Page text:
The Condo Lifestyle..What You Need To Know!
It is often said that buying a condominium is buying a lifestyle. What does that mean?
Condo living is different from owning or renting a single dwelling, town house or apartment, because condos have a dual nature. Condo owners hold title to their units and share responsibility for the operating costs of the balance of the property (common elements such as lobbies) that makes up the condo.
There are many advantages to condo ownership. It may be less expensive than other types of home ownership. It can provide an "instant" sense of community. While someone else is shoveling the snow, you can participate in community decision-making. But condos are not everyone's cup of tea. Condominium corporations may set restrictions on such things as owning pets, or having an outdoor barbecue.
Condo Maintenance Fee:
When you purchase a Condo, you automatically become a part of a homeowner's association to which you pay Condo fees The fees cover the cost of maintaining and insuring the common areas. Precisely what the Condo Fees cover will vary from one complex to the next, so find out exactly what's covered before you buy..
The Condo Fees also help fund a Reserve Fund to cover major expenses, like refurbishing common areas or replacing an elevator. Before you buy a condo make sure your lawyer checks a current financial statement for the association. If the reserve account isn't flush enough to cover unanticipated expenses, the individual homeowner's could be accessed an additional amount to cover the expense. This will add to your cost of ownership.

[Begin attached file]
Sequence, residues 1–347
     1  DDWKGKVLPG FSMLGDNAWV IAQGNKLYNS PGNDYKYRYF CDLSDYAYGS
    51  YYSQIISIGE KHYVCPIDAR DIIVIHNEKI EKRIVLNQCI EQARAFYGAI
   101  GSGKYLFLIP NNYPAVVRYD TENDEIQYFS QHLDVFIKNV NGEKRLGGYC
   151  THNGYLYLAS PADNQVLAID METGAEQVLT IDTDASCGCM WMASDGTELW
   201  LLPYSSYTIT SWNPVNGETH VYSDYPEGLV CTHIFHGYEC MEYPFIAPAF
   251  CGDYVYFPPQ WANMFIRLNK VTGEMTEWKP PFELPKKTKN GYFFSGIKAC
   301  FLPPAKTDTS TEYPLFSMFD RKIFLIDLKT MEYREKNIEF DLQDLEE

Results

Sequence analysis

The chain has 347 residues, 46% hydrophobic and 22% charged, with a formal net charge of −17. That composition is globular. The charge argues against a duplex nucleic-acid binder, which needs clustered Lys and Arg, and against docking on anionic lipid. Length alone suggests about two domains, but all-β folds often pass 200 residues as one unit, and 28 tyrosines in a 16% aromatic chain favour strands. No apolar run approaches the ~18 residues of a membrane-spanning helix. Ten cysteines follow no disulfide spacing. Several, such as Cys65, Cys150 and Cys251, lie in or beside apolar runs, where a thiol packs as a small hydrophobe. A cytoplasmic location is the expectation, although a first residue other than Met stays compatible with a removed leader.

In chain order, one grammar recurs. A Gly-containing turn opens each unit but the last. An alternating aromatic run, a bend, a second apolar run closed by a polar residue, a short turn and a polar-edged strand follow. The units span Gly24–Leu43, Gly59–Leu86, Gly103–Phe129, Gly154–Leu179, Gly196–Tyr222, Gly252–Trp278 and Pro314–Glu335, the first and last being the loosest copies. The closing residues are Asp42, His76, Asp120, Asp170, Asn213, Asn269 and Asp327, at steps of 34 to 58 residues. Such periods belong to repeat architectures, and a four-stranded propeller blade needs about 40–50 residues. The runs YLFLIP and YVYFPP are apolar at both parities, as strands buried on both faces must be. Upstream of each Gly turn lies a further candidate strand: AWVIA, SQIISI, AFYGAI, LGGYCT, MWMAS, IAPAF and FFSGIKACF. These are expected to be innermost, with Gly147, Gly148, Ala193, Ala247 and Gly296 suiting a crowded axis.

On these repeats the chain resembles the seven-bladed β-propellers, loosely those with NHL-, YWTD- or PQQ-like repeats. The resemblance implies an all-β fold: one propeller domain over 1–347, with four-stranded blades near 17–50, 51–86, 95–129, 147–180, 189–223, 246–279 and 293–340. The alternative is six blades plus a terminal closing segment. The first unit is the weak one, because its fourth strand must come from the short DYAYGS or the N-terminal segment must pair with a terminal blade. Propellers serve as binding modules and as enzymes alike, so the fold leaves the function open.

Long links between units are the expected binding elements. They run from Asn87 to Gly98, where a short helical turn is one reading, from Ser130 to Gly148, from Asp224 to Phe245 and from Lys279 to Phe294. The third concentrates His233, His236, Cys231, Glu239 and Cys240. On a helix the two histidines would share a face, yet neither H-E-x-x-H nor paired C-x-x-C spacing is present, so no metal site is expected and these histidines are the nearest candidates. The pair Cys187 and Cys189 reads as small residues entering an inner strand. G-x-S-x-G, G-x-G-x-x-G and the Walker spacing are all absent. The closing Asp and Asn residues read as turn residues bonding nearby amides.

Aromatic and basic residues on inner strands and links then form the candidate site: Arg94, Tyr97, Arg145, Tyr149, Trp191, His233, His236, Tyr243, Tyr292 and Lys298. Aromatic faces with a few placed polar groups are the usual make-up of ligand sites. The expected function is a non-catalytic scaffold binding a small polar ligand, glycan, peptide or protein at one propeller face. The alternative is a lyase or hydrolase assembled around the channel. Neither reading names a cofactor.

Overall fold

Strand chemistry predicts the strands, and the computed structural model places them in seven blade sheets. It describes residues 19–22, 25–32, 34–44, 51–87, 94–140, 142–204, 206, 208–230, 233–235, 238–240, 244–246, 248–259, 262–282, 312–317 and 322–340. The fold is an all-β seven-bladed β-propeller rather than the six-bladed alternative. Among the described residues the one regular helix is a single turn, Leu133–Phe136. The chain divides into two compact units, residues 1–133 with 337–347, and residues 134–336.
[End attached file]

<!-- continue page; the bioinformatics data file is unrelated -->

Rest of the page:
Reserve Fund Studies:
A condo corporation must maintain a reserve fund for the sole purpose of paying for major repairs and replacement of the corporation's common elements and assets. Corporations are required to conduct a reserve fund study to determine whether the fund can cover these costs. Once the study is done, the board proposes a plan to ensure the reserve fund is adequate. All owners must be given a notice containing summaries of the study and plan and a statement indicating any differences between the two. All existing condominiums must have completed a reserve fund study by May 5, 2004. The fund must become fully funded within 10 years of the study. New condominiums must complete a study within one year of registration and the fund must be fully funded by the end of the following fiscal year.
How is the condominium run?
A board of directors elected by the owners runs the condominium corporation. The board's function is to manage the condo corporation on behalf of owners: They represent owners. As an entity, they are responsible for making all major decisions regarding the maintenance of buildings and grounds, condos’ finances, and must uphold and enforce the Condo Act, the declaration, by-laws, and rules.
A new requirement will ensure that if at least 15 per cent of the units are owner-occupied, owner-occupants will reserve one position on the board for election. In this way owner-occupants are assured representation on the board. Major decisions are voted on at owners' meetings. Under the new Act, annual general meetings must be held within six months of the end of the condo corporation's fiscal year to ensure that unit-owners have an opportunity to review the financial statements in a timely manner. Participation in community decision-making is a benefit of condominium living.
If you own a condominium Ontario’s Condominium Act helps to better protect your investment and to improve the day-to-day operation of your condominium.